Some say that he was only effective because there was no crowned alternative to him, which does have some truth. Although there was nobody really left to rebel against him, they would probably have had trouble seizing the crown, as he was such a strong King and those that could have opposed him, waited until after his death - which shows that he was a strong monarch with an effective second reign and a highly effective domestic government that they agreed with. In conclusion, it can be said that Edward IV's domestic government from 1471 was a strong, magnificent and effective one. The claims to the throne after his death, by his brother Richard were not because his government was weak, as it has been said by some, because it was a great one. Edward may have been able to take methods to avoid Richard III's succession to the throne but, as most would be, he was ignorant to the fact that his brother would turn against him. If he had perhaps kept his brother Clarence alive, to give young Edward V two strong advisors this may have meant he would have survived on the throne, but not executing Clarence may have caused revolts during his reign, people may have believed they could get away with treason - like Clarence had. Therefore the decisions that Edward made were justified and his government was in a multitude of respects the best domestic government that had been seen for over a century. 31/10/03 ...read more.

The above preview is unformatted text

This student written piece of work is one of many that can be found in our GCSE Richard III section.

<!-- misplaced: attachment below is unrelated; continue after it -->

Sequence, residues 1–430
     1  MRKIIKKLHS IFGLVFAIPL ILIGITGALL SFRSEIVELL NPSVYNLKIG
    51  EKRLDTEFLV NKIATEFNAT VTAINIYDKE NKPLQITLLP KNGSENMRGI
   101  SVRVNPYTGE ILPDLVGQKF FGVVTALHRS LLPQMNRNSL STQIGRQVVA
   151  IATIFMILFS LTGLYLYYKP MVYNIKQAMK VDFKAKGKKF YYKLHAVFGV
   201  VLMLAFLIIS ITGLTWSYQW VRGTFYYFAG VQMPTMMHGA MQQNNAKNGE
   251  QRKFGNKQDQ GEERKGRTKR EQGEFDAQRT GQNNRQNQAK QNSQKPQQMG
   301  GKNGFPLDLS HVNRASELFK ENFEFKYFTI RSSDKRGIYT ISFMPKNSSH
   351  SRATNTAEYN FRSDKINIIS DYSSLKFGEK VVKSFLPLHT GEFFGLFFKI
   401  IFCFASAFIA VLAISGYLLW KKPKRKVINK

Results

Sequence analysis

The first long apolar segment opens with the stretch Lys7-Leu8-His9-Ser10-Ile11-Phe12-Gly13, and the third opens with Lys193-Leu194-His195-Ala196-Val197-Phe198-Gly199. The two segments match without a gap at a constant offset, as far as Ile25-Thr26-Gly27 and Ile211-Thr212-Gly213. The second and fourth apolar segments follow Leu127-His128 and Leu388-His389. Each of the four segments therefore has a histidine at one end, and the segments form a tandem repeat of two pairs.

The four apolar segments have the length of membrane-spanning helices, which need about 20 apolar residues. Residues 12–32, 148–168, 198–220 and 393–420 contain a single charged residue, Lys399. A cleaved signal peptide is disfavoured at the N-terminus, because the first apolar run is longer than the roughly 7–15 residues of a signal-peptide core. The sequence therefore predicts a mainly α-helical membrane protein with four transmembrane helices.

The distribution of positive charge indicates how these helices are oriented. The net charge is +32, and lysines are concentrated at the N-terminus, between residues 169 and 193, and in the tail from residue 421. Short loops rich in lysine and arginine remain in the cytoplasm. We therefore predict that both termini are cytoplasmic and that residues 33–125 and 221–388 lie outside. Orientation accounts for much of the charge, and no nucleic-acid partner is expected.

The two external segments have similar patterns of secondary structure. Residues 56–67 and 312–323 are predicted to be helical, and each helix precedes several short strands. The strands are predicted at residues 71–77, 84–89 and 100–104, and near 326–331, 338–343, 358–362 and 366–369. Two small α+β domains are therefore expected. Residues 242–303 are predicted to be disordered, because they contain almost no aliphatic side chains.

Found what you're looking for?

  • Start learning 29% faster today
  • 150,000+ documents available
  • Just £6.99 a month

Not the one? Search for your essay title...
  • Join over 1.2 million students every month
  • Accelerate your learning by 29%
  • Unlimited access from just £6.99 per month

See related essaysSee related essays

Related GCSE Richard III essays

  1. Was Edward IV's ruling between 1471-1483 effective?

    Within the treaty, France also agreed to pay a �15,000 down payment followed by another �10,000 a year. This was very important as it strengthened the country's economy. During this campaign there was only one mistake made by Edward. Edward kept most of the money he received from parliament that originally was meant to be used on the war effort.

  2. Why did the Yorkist Dynasty Collapse?

    Except for later supposition, no substantial evidence exists that Richard had them assassinated. Edward IV's elevation of the Woodville Family so alienated the other peers that it was one of the main causes of the downfall of the Yorkist dynasty.